Mohawk and Lakota Activists Light Fire for Climate Action
At a seminary, it bears dwelling on the fact that this exploitative way of relating to both the land and indigenous culture was rooted in a theological pronouncement: the papal bulls argued that Christian conquerors had a divine right based on the Bible to absolute title and ultimate authority over the inhabitants and the land. Now, Loretta and Tom want Pope Francis to take it back. Talk about interfaith dialogue!
Tom is Mohawk, descended from a hero of the American Revolution whose story—despite his unique, fascinating life and extraordinary feats of courage—you may not have heard: Joseph Louis Cook, or Akiatonharonkwen.“Louis” Cook was born to an enslaved African father and an Abenaki (American Indian) mother. As a child, he barely escaped slavery himself when the Mohawk tribe came upon and claimed him. Although most Mohawks fought with the British, Cook sided with the revolutionary colonists. He met several times with General George Washington, survived the legendary encampment at Valley Forge, led significant victories in battle, settled in upstate New York and went on to die for the United States in the War of 1812. Tom knows this all as oral history, just as he knows the story of the broken promises, breached treaties and forced conversions to Christianity. His own work helping people living on reservations to grow organic food in their own gardens is his healing response. As Tom spoke, he referenced the service earlier that day in James Chapel. “Everything in that resonated with me,” he said. “I speak upon the ashes.”
During their stay at Union, Chief Arvol Looking Horse (Nineteenth Generation Keeper of the White Buffalo Calf Pipe) issued a call for the lighting of sacred fire along with prayer at sacred sites. “We the Original Caretakers of Mother Earth have no choice but to follow and uphold the Original Instructions, which uphold the continuity of Life,” he communicated in an emailed letter to his own community. “We recognize our umbilical connection to Mother Earth and understand that she is the source of life, not a resource to be exploited. We speak on behalf of all Creation today, to communicate an urgent message that man has gone too far, placing us in the state of survival.” On the appointed day, Tom and Loretta lit their fire at Union, doing our institution a great honor that calls us to live up to it.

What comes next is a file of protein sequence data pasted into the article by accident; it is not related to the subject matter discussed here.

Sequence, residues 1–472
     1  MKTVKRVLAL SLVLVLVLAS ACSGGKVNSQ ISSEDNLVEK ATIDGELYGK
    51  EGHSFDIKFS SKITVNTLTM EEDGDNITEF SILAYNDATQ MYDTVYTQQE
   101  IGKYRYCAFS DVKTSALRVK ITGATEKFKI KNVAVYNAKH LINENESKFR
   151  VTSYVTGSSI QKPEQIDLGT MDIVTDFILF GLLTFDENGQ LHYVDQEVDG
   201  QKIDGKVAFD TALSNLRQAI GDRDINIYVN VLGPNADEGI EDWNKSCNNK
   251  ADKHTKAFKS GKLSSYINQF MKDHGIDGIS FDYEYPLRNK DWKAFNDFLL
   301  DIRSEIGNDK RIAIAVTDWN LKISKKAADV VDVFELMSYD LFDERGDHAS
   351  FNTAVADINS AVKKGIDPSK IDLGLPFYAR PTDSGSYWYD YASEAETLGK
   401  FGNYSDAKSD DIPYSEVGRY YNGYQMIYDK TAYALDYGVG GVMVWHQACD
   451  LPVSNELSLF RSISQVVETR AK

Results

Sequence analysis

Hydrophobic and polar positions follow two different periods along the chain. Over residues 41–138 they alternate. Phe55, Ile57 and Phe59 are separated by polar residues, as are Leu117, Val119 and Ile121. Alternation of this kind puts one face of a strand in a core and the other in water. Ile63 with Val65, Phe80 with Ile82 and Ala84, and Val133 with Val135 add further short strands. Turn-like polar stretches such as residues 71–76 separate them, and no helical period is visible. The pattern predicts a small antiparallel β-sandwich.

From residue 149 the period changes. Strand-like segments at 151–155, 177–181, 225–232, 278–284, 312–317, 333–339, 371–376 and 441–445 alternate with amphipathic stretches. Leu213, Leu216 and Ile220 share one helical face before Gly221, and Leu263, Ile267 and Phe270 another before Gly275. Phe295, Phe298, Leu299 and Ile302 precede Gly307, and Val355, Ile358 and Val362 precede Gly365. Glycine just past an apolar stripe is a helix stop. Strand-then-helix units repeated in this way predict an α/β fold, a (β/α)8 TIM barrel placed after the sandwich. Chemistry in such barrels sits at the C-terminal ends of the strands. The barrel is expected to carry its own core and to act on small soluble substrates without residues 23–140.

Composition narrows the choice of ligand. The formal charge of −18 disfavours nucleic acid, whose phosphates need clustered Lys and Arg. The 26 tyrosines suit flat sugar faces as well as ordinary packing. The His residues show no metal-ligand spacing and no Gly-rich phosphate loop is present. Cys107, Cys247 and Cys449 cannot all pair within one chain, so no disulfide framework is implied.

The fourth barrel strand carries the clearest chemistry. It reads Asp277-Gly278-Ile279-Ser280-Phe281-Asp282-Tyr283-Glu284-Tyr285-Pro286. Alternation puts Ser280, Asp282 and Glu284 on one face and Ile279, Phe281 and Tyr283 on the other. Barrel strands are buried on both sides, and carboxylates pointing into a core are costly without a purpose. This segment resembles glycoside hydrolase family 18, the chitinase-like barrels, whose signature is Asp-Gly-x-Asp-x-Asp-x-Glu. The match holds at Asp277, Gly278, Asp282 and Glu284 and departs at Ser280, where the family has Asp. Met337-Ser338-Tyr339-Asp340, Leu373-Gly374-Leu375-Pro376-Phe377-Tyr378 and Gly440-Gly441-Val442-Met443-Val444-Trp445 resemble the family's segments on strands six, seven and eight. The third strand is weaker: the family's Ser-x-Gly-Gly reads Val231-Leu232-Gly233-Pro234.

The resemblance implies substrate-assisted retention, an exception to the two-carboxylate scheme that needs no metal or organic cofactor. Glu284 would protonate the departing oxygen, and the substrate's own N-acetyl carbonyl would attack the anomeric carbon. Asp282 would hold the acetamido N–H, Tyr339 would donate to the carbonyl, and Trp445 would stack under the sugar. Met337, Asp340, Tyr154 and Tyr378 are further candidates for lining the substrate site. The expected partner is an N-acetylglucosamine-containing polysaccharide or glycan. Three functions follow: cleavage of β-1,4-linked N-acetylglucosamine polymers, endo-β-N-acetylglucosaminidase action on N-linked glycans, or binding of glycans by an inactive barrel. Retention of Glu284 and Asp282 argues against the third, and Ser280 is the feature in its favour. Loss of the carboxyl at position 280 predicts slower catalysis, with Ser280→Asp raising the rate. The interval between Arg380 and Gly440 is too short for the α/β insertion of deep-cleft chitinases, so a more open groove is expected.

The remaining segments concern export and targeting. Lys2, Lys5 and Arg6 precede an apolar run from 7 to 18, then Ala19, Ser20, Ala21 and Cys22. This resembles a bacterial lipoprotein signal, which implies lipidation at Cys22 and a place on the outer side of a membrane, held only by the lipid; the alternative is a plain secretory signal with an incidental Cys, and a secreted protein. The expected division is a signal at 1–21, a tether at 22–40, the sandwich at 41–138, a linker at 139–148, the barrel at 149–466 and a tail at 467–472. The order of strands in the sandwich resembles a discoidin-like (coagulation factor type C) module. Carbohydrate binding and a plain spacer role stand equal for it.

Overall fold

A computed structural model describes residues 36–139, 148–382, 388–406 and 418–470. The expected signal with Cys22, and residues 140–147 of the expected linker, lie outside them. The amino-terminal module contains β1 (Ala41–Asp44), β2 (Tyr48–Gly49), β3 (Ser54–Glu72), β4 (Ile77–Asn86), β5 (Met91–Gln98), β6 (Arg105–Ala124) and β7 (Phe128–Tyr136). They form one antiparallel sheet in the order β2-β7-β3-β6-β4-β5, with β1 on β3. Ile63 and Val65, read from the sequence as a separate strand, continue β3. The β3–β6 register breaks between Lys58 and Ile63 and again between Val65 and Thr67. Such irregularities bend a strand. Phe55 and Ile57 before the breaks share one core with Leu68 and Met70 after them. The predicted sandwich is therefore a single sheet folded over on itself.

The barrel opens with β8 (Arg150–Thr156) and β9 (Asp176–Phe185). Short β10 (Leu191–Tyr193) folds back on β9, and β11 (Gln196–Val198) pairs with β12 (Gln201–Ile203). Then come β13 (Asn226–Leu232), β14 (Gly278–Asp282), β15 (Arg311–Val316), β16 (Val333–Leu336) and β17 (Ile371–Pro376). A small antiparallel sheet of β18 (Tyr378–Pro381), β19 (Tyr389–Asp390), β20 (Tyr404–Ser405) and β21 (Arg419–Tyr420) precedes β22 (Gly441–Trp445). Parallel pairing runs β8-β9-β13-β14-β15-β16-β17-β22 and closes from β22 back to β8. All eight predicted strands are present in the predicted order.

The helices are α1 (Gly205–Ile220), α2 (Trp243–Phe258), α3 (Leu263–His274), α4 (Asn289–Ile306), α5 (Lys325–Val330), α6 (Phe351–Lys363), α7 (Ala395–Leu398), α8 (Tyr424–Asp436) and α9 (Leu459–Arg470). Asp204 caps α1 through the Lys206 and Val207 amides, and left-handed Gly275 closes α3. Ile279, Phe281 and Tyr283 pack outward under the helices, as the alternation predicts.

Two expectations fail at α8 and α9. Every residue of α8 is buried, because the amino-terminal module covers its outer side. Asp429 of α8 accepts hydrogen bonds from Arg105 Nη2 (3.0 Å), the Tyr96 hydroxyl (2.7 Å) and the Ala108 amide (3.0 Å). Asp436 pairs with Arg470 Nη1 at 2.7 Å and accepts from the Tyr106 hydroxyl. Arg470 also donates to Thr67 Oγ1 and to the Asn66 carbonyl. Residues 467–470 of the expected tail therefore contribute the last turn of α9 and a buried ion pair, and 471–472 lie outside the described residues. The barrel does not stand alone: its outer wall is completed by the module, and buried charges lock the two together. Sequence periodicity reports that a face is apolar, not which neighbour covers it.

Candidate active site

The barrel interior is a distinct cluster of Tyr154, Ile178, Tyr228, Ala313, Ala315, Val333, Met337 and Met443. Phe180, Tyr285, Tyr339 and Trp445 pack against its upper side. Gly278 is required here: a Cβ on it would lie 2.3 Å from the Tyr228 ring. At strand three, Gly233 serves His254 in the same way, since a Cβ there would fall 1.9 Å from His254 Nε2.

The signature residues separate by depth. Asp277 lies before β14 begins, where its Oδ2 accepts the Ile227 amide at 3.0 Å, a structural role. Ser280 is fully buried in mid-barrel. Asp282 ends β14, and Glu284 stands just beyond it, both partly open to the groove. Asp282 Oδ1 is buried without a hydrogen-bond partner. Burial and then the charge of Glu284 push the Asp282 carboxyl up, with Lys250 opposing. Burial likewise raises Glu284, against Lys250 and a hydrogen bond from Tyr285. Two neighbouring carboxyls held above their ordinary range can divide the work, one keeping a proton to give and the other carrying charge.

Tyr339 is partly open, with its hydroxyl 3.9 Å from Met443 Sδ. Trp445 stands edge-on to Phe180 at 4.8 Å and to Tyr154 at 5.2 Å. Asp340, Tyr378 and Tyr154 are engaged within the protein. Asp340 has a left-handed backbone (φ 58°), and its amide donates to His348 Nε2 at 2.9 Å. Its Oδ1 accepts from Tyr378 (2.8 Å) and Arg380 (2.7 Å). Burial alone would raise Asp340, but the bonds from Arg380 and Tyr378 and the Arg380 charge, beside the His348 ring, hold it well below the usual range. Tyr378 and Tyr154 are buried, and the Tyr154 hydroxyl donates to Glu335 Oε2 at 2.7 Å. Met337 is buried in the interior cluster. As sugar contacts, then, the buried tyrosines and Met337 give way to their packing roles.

The occasion of the UN Climate Summit has given Union a chance to focus on the spiritual, religious and theological aspects of our current planetary predicament. Ecosystems everywhere have been uprooted, stripped, wrung to death for profit. In rising to this challenge, we won’t forget that some human beings have always been treated as the earth has been treated. Listening to them is an honest first step to correcting course.
Those interested in supporting their initiative on the Black Hills can visit “The Black Hills Are Not For Sale.” To learn about Tom’s work with organic gardens and Indian Youth, visit Running Strong’s Organic Gardens and Food website.
Karenna Gore is director of the Union Forum and the Global Social Justice Partnerships. The Union Forum is a project of the Union Theological Seminary that connects theology and spirituality with civic action.
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